Richard Coibion was hit by the effects building bug back in 2001. With a background and education in electronics engineering and having a steady career in IT, Coibion dabbled in modifying fuzz circuits and tuned them to his liking. He hadn’t ever considered making a career out of building effects however.
With the post 9/11 economy in the U.S. suffering in late 2001, Coibion’s previously steady IT career was over, and in 2002 he decided to give building effects a try. As an active member of Harmony-Central and other forums, he offered some of his initial designs to forum members. The response was great, word of mouth grew, and Monsterpiece Fuzz was officially born.
Monsterpiece Fuzz designs are heavily focused around – of course – modified fuzz effects. In describing the ideal fuzz tone, Coibion believes a fuzz should be usable, musical, dynamic and responsive. “I don’t particularly care for ‘noise maker’ fuzzes. I view fuzz as an organic, almost living and breathing thing. It’s an instrument unto itself,” he said. “The Monsterpiece NPN, PNP, Ge, Classic, and Scratchy Snatch circuits are all based on the classic Fuzz Face circuit. I have changed things here and there and added some things to fine tune them to what MY ears wanted to hear.”
Monsterpiece Fuzz builds other models based on famous effects including the Sola Sound MKIII and MKIV Tone Benders and the Colorsound overdrive. A few years ago, when the Klon Centaur was discontinued and out of production, Coibion had received a request to build one as Ebay prices of original Klon Centaurs skyrocketed (Note: they haven’t gone down since!). Building an impeccable layout on a veroboard rather than using the readily-available PCB kits, the STUD overdrive was born.
Other improvements were made to the STUD overdrive as well. The charge pump, a component that internally converts the signal from 9v to 18v for higher headroom, he discovered was noisy, which necessitated making changes to the grounding structure. Coibion also prefers to use an audio taper volume pot rather than the linear taper pot that the original design calls for as he feels linear taper designs can be too abrupt in the sweep.
“I never intended to build those in the first place,” Coibion said. “The first one I built was just supposed to be a one-off for someone on The Gear Page, but after he got it, he spilled the beans, and everyone else wanted one, too.”
Boutique effects building has become a highly saturated and competitive market, however let’s share a little-known secret. Much of what is being done today and offered and marketed as boutique, really is just mass production using a boutique name. Meaning that in many cases, component quality and other short cuts are taken to drive down costs to maintain competitiveness and scale.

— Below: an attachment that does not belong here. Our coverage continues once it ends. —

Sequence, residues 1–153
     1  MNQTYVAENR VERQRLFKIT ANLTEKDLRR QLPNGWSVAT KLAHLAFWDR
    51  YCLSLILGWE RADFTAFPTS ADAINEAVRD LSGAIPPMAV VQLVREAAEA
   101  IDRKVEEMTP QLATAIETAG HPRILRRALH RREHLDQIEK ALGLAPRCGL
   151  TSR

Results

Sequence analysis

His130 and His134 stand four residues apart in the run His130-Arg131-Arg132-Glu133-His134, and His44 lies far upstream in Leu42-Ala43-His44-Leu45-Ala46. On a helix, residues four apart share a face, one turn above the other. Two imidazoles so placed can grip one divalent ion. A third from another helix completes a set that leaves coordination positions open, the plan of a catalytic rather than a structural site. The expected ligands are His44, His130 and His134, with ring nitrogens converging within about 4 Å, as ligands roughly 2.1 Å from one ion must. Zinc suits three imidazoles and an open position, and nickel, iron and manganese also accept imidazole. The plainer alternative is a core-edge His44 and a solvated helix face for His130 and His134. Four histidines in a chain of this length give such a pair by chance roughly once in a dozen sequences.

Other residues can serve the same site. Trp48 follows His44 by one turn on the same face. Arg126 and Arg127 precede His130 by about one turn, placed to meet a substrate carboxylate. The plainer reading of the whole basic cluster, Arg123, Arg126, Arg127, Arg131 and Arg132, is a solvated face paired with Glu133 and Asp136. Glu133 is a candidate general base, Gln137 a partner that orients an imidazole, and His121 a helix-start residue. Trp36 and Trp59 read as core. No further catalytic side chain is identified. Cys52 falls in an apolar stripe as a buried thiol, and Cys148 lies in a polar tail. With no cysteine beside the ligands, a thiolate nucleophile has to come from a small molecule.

Monsterpiece Fuzz on the other hand intends to stay as one of the last true boutique builders and continues to operate as a one-person shop. Every aspect of a Monsterpiece Fuzz creation, other than the powdercoating of enclosures, is done personally by Coibion. And it’s just how he likes it. It enables him to focus on an area that he is passionate about: the build quality.
Open one up and you will see that each pedal is meticulously built by hand with wiring work that is simply breathtaking. This is clean, pure, electronic art. Seeing the attention to build quality like this reminds me of the legendary Dave Reeve’s era of Hiwatt amplifiers (used by the Who, Pink Floyd and others), built with ultra-clean, military spec layouts. If you haven’t previously seen the inside of an early Hiwatt Custom 100 DR-103, check out our earlier post.
One of Coibion’s goals is to keep his pricing fair and reasonable for customers who want to use his products. There is a LOT more time and effort that needs to go into handwiring and building a pedal with the detail that’s found inside a Monsterpiece Fuzz creation. Most Monsterpiece Fuzz models can be purchased for the same price, or sometimes less, than similar boutique-labeled designs that are mass produced today.
Coibion attributes his success to love for the craft and for having an ear for tone. “I make pedals because I really enjoy doing it. I make pedals that I personally would want to use, and sound the way I imagine in my head they should sound,” said Coibion before adding, “I’m just glad other people’s ears seem to agree with mine!”
His success, of course, isn’t defined by revenue and growth of sales, but by his ability to maintain a steady and consistently sized small business doing what he loves.
“I’ve witnessed a lot of builders come and go, and the ones that do stick around for at least as long as I have for the most part have outgrown what they were in the beginning. Me, I am just as small as I ever was. I like it this way.”
Visit Monsterpiece Fuzz and see what Richard Coibion can build for you.